Ridiculous Tie-breaker

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Ridiculous Tie-breaker

Post by Ratchael »

Hi, I don't see many people posting here, so I hope this message won't go unnoticed...

So, when 2 players at the end of a game share the same number of points, the tie-breaker is... time left ? Really ? :roll:

I'd rather see a draw between the two players, or even the player who started last winning the game than such a ridiculous tie-breaker...
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Re: Ridiculous Tie-breaker

Post by sprockitz »

it used to just be a tie. yes this change is terrible.
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Re: Ridiculous Tie-breaker

Post by positiveFail »

Yes, this is a very silly tie-break rule!
But I think you need to write not to the forum, but to the registration system with an error and suggestions.
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Re: Ridiculous Tie-breaker

Post by Salvidrim »

Very much agreed, tiebreaker based on time remaining is terrible, a tie should result in a tie, or we should come up with a better tiebreaker that is tied to gameplay.
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Re: Ridiculous Tie-breaker

Post by postmans »

Agree very odd tie-breaker. Please vote for http://boardgamearena.com/bug?id=23493&vote this suggestion bug to give it more attention.
In this game it feels fair to just have a draw when everything is equal at the end.
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Re: Ridiculous Tie-breaker

Post by Yasten »

Well, this change does not bode well with turn based games tbh...
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Re: Ridiculous Tie-breaker

Post by davidmleal »

Trying this game for first time, and just finish a game in turn base that finish 12-12 score. And got the win in the game because time???

This is stupid tiebreker to be even in this game. Just give a tie.

No reason for existence of this tiebreker
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speler nico
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Re: Ridiculous Tie-breaker

Post by speler nico »

I'd like to share a strategy for winning tiebreakers in non-tournament turn-based games, along with proposing a fairer and less cumbersome alternative applicable to any game type (tournament/real-time/turn-based/...).

In non-tournament turn-based games, when a tie seems imminent, the optimal strategy for winning the tiebreaker is to be the player who places the final square. The key to success lies in strategically timing your placement of this square to coincide with your opponent's offline period. Here's how it works: when it's your turn to place the square just before your opponent's final move, do so at a moment when you know your opponent is offline. Then, monitor the game for a brief period, say 5 minutes, before placing your last square the moment your opponent returns online and completes their final turn. If your opponent fails to reappear within this window, repeat the process, increasing the offline interval, say to 10 minutes, 20 minutes, and so forth. By managing your online presence effectively, you can ensure that your remaining time is less than your opponent's, greatly increasing your chances of victory.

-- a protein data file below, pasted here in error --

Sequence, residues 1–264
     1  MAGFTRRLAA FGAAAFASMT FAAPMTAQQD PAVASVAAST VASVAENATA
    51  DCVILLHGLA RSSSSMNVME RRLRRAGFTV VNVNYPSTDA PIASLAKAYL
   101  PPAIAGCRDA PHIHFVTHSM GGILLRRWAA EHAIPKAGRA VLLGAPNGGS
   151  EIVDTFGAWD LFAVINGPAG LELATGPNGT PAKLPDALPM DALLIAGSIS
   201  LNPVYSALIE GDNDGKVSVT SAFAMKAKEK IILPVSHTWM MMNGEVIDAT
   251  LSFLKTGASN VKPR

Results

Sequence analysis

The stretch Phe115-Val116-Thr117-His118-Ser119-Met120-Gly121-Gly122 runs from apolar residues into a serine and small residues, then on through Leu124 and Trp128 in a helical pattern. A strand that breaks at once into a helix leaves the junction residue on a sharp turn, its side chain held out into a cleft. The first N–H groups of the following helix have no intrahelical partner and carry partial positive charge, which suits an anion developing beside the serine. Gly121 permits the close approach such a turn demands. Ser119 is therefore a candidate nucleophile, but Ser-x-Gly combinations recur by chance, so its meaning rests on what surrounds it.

Admittedly, this approach may seem somewhat unconventional, but in certain circumstances, a tiebreaker is necessary, such as in knockout tournaments. That said, I advocate for a more equitable tiebreaker based on the aforementioned strategy: simply award victory to the player who places the last square. This tiebreaker is fair and logical, as it removes any reliance on players' online availability. As players recognize the game's progression towards a tie, the focus shifts to securing the opportunity to make the final move. This tiebreaker also makes sense from a strategic standpoint: when both players vie for the last turn, the player with the most strategically positioned squares remaining in hand will have the best chance of winning. Additionally, for non-tournament turn-based games, this tiebreaker eliminates the need for constant vigilance over your opponent's online status while maintaining the strategic essence of breaking the tie.

The proposed tiebreaker also aligns naturally with United Square. Throughout the game, areas on the board are created where it is disadvantageous to begin placing squares. Consequently, players aim to place the last square in an area, forcing the opponent to start another. It seems natural to continue this gameplay approach for the final area in case of a tie. The player who manages to place the last square in the final area wins the tie.
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